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Hockey's North Stars have more—but quieter—fans than any other expansion team. Coach Wren Blair (opposite) is setting them a noisy example

The oversized checkerboard coat indicated the man was not from St. Paul or Minneapolis. He was, in fact, a citizen of Thief River Falls, a community in the frozen woods of northern Minnesota. He had spent most of that Sunday getting wood in for the fireplace, planning an ice-fishing expedition, watching one of his sons play a Bantam League hockey game and, naturally, shoveling snow. Now it was Sunday evening, and in his center-ice seat in the Metropolitan Sports Center out in Bloomington, Minn. he waited for the Minnesota North Stars to appear for their pregame skate.

"Whadya wanta know my name for?" he asked hesitantly. "Oh, no particular reason," said his interrogator. "Well, I ain't gonna tell ya, how dya like that? You people down here around Minneapolis and St. Paul are all alike. You think that we're from the backwoods or something, don't ya? Friend, we're just like you—howdya like that? We don't wear your fancy suits, maybe, but we're hockey nuts, too—and don't you forget it."

It was less than 20 minutes before the start of the game between the North Stars and the Pittsburgh Penguins, but the man in the checkerboard coat was one of only 75 or 100 people inside the Met—as folks in the upper Midwest like to call the indoor sports center and the outdoor stadium alongside Route 494. Then it happened. From White Bear Lake and Golden Valley, Eden Prairie and Mahtomedi, Roseau and Anoka, Mendota Heights and Mounds View, people in hooded parkas and heavy white sweaters with triangles on them, corduroy stay-press slacks over thermals and thick boots over woolen socks began to swarm past the ushers and rush for their seats, and before Referee Ron Wicks dropped the puck to start the game more than 12,000 hockey nuts were seated and obviously prepared to relish the next 2½ hours.

Since the North Stars were playing another expansion team that night, the crowd at the Met consisted mostly of 10¢ hockey fans—the fellow next door who has to get up for work at 5:45 a.m., the lady in the battered old station wagon who makes daily house calls to pick up 10-year-olds for their Pony League teams' practice on some frozen pond. The theater-and-symphony set (the tea-and-crumpet crowd) rarely appears for games against teams called Penguins and Seals, but always arrives in splendor—double-breasted blazers over turtlenecks for the men, sprightly tweeds for the women—whenever the North Stars play an established team, such as the Canadiens or the Black Hawks. "I saw the Los Angeles Dodgers, or Kings, or whatever they call themselves once this season already, but never again," said a man wearing a chesterfield coat. "I give those tickets to my friends now and go see a hockey game somewhere else around town."

The 10¢ fans and the tea-and-crumpet set—"If you ask me, they're really thousand-dollar millionaires with three or four mortgages and too many outstanding loans," says one backwoodsman—have made Minnesota the hockey capital of the U.S. during the last 10 years. Greater Boston used to have that title. However, hockey interest there has diminished during the last decade, because the majority of New England colleges now mostly recruit Canadian players for their teams, and New England youth consequently has switched to other sports. The University of Minnesota, though, recruits mostly Minnesotans. There are only two Canadians on this season's roster. The Gophers, nevertheless, almost always are championship contenders in the strong Western College Hockey Association, a league dominated by Canadian imports.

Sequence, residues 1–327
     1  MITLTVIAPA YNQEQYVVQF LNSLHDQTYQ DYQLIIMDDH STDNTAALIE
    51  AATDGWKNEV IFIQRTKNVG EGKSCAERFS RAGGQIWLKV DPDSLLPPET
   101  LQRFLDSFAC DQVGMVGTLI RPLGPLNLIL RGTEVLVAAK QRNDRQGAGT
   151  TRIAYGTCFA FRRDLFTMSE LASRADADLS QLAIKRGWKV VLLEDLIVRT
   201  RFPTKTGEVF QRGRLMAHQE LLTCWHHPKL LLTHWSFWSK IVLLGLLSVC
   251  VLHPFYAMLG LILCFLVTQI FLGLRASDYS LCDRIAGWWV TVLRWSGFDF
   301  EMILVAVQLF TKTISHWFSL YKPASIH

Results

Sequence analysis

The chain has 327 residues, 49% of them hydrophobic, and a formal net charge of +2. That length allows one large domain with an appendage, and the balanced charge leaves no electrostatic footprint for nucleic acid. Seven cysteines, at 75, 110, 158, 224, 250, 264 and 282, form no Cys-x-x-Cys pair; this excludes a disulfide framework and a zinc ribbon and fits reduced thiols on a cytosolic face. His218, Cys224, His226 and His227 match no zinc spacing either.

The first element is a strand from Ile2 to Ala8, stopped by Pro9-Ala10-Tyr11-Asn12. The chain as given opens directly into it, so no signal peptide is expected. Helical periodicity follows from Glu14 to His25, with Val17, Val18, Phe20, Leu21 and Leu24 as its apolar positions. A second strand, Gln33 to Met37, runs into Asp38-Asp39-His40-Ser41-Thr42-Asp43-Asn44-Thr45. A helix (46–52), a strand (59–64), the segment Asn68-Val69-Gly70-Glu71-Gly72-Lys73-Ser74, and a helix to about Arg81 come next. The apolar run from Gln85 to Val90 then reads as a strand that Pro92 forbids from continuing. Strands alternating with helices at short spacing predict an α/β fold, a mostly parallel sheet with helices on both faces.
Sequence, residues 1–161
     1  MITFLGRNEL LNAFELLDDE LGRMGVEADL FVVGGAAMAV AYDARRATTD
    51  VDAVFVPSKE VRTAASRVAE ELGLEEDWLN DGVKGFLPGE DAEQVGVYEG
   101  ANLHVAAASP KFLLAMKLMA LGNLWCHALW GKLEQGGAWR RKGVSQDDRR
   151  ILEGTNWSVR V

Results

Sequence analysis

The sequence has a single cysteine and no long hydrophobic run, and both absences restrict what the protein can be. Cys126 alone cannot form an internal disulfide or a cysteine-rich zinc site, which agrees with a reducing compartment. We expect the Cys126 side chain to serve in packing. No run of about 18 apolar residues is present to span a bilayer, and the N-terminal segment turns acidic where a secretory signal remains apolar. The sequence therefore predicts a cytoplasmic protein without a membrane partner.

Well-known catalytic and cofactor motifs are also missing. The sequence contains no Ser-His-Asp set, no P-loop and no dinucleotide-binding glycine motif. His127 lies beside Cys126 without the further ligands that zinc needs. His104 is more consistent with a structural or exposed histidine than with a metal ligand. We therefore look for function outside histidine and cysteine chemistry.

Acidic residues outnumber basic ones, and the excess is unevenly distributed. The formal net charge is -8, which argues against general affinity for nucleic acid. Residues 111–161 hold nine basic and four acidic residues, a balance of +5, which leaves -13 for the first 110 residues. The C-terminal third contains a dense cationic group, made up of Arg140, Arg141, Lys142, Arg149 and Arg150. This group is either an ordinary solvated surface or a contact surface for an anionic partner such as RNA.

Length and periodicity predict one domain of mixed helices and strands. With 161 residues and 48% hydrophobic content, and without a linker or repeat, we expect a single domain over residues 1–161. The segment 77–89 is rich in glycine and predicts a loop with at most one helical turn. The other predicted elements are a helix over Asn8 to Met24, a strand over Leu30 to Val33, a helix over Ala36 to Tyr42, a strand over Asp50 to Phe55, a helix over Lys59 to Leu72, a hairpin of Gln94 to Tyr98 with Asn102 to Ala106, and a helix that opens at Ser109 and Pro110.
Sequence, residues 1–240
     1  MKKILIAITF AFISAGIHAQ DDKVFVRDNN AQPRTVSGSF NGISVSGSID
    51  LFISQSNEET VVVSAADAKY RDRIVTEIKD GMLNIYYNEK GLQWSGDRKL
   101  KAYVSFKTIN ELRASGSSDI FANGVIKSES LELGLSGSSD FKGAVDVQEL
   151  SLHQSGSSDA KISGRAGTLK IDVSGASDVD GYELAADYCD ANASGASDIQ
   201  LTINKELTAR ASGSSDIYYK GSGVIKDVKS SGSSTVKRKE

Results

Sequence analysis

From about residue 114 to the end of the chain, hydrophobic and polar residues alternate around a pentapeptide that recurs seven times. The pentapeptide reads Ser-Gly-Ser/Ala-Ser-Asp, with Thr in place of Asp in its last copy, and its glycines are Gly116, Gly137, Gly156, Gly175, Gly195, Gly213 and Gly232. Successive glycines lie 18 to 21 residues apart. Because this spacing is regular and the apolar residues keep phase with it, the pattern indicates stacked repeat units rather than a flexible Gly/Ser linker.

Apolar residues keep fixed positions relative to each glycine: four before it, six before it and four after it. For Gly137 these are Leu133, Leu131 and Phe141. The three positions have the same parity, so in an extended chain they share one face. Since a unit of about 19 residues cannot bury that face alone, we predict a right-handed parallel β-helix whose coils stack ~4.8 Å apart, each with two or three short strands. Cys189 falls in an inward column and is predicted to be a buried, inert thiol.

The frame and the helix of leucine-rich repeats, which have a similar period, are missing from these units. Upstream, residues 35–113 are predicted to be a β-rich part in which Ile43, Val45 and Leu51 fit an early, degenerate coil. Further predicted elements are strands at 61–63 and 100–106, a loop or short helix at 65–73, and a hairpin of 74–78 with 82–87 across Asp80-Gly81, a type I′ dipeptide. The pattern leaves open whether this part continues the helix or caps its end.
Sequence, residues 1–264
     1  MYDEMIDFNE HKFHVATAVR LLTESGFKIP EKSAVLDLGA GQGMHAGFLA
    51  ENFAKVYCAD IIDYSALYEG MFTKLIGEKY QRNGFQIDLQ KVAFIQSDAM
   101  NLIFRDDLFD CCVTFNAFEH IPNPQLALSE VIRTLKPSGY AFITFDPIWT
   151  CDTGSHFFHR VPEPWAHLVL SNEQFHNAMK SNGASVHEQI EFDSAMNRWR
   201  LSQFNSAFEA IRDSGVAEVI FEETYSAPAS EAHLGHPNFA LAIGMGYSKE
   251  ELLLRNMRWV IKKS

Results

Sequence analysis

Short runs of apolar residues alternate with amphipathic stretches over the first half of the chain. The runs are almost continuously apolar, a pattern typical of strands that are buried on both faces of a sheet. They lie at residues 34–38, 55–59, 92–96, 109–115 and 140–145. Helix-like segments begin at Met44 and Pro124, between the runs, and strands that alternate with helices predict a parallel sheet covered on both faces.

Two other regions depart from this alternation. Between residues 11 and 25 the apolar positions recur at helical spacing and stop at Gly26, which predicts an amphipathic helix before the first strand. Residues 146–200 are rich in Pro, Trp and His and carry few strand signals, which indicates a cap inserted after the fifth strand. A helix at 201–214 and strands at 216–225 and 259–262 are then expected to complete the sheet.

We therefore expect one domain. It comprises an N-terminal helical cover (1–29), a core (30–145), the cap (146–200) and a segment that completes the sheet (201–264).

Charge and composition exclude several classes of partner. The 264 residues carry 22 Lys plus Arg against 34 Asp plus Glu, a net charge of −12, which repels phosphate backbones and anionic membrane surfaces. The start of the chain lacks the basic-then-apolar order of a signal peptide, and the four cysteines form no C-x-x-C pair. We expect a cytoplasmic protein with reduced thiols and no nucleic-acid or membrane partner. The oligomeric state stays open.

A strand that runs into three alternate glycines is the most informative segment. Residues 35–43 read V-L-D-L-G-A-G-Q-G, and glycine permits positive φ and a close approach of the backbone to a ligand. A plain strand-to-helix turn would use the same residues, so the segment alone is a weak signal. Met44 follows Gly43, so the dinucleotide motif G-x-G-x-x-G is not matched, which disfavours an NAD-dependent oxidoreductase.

The Minnesota mood explains exactly why the North Stars are the most successful franchise in the expansion division of the National Hockey League. While the five other new teams had to lure and educate people who may not have known a hockey puck from a jai alai ball, the North Stars were blessed with a hockey-mad populace that simultaneously learned to walk and skate and believed that basketball was played by giraffes. The North Stars never have been in the lead, but they have made a strong thrust up to second place. (The Minnesota Muskies of the new American Basketball Association, on the other hand, have been in and out of first place—but attracted only 946 people for a recent game at the Met, and their average crowd is only 2,500.) As they have all season long, the North Stars lead the West in attendance, averaging 11,208. Their season-ticket core of 6,000 fans is nearly 1,000 higher than the average attendance for Oakland—the only team with a serious attendance problem. (Pittsburgh and St. Louis, two clubs lacking strong fan support in the first half of the season, have seen their average-attendance figures rise to 7,100 and 8,000.)

Hockey interest in Minnesota is not confined to the North Stars. On any weekend from late November through the middle of March the hockey nut—someone like Dutch Del Monte, an old minor-leaguer who runs a saloon in the north end of St. Paul—is likely to see the North Stars play Thursday night, catch the University of Minnesota at home Friday night, scout the Bantams and Midgets Saturday morning, drive 200 miles Saturday afternoon to see St. Paul's Johnson High School play at Roseau that night (even though the game is broadcast back to St. Paul), return to see a Peewee game Sunday afternoon and then dash to the Met for the North Stars' night game.

Dutch also runs a chartered bus service to the Met for the North Star games—$3.60 for the ride and a seat—and a few times this year he has needed five 72-passenger buses to accommodate the mob.

Among the more dedicated hockey enthusiasts are Bruce Telander, an insurance man, and George Lyon, a stockbroker. Between them they recruited nearly every player on the University of Minnesota varsity hockey team this year. "I use the Sylvia Porter approach," said Telander, who never played hockey himself. "I tell a boy that during his lifetime a college education will mean $270,000 more to him than a high school diploma, remind him that he will be representing the state of Minnesota and then—a year or so later—watch him play for the Gophers every weekend."

Just about everyone connected with the Minnesota Amateur Hockey Association is some type of hockey fanatic. The MAHA starts a 7-year-old boy in the Pony League, graduates him to the Peewees at 11, moves him to the Bantams at 13, then up to the Midgets at 15. Tommy Williams of Duluth, now with the Boston Bruins, is the MAHA's most illustrious graduate. The MAHA was organized in 1948 by, among others, Bob Ridder, one of the nine owners of the North Stars. Ridder attended Harvard, is a resident of St. Paul and manages his family's broadcasting interests when he is not coaching his own Bantam team, scouting the Peewees for next year's prospects and watching his 7-year-old son Chris play left wing for the Red and White team in the West St. Paul Pony League.